Most coaches agree that if you can create more 5-on-4 situations than your opponent, then you stand a better chance of winning.

At the same time, wouldn’t it be nice to simplify your offensive goal for your team? Have you ever had players ask you, “Coach, why are we Passing, Cutting, Dribbling-A,t and Feeding the Post and Cutting?” (Layers 1-3)

Here’s your answer: “We are trying to create 5-on-4 situations.”

Isn’t that the essence of 1-on-1? If I can get around my defender, then I’ve created a 5-on-4 situation. The Read & React Offense is designed to get the maximum out of a 5-on-4 situation. For those who know what I’m talking about, consider Layers 4 and 5: Circle Movement and Basic Post Slides. But I don’t want to talk about what to do when the 5-on-4 is created, I want to look at creating the 5-on-4.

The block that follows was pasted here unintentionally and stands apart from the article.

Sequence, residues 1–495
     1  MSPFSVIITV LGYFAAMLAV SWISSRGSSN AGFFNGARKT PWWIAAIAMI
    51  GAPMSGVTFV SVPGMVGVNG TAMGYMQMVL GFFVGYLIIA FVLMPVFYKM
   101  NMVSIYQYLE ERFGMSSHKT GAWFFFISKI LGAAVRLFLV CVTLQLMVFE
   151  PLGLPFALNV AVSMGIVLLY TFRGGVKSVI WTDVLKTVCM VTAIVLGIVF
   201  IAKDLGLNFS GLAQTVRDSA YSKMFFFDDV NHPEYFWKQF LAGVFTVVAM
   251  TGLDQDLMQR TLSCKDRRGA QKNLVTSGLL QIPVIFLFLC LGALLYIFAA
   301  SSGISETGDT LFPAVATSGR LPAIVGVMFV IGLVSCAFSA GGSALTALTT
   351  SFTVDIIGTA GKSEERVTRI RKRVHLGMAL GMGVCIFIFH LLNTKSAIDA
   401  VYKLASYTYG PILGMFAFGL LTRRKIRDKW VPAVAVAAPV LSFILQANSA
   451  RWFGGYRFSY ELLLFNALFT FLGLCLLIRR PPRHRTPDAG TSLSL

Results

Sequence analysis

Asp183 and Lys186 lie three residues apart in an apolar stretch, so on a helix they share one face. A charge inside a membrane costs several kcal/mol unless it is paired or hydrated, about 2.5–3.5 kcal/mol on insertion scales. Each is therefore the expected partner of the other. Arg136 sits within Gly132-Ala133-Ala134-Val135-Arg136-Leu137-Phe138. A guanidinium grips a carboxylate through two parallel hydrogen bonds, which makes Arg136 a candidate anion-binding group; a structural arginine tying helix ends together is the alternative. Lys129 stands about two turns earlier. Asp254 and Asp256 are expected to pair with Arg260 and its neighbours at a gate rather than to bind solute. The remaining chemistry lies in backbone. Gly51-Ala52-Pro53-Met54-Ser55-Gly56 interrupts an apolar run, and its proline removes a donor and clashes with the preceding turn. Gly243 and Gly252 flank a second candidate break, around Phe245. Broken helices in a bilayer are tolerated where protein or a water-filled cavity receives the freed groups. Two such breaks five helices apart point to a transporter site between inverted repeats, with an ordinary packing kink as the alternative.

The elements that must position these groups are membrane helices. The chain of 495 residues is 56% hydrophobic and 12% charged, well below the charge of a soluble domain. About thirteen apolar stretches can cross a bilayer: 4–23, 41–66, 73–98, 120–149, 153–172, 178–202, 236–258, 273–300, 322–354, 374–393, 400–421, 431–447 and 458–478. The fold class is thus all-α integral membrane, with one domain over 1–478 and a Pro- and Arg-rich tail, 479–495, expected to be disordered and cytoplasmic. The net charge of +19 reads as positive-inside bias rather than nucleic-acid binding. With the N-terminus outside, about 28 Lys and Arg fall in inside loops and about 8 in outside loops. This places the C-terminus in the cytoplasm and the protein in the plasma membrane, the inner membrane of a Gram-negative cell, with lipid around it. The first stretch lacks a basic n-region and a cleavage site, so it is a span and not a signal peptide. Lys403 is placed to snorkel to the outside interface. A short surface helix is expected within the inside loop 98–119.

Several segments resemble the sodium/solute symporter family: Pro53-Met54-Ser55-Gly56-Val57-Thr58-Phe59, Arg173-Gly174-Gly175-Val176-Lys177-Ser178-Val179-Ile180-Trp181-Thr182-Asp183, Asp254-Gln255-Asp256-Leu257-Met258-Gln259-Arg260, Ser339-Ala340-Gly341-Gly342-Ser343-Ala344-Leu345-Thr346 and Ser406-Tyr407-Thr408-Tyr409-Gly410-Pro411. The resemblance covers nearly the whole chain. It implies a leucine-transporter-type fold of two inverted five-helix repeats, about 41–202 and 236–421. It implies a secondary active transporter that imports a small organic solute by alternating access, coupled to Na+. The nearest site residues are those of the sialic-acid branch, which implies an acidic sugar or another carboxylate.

Layers 1-3 create a lot of Player Movement and Ball Movement with the majority of attention on spacing. One of the purposes of Layers 1-3 is to shake the defense out of their “helping” defensive positions in order to create true 1-on-1 situations like our Draft Drives. (Not 1-on-2 or 1-on-3. I don’t consider these to be true 1-on-1 cases).

Now, during this action that’s meant to set up a 1-on-1 (5-on-4), a few possibilities may open up:

When the offensive player gets the ball on one of these basket cuts, it becomes a 5-on-4 situation!

You have the same offensive situation that you were trying to create with a standard 1-on-1 move. But most players don’t look at receiving the ball on a basket cut the way they view getting around their defender with a 1-on-1 move. They don’t view it as a 5-on-4 situation; however, it’s probably a cleaner 5-on-4 situation than the traditional 1-on-1-with-the-ball move.

Perhaps if you explain 5-on-4 situations to your players, and the two basic ways to create them (Driving 1-on-1 and Basket Cutting) they’ll know what they’re hunting for and they won’t view one of them as more desirable than the other.

Don’t hunt only for intelligent drives and don’t hunt only for cutting situations; look for both of them at the same time. They both create 5-on-4 situations.

One Response

Leave a Reply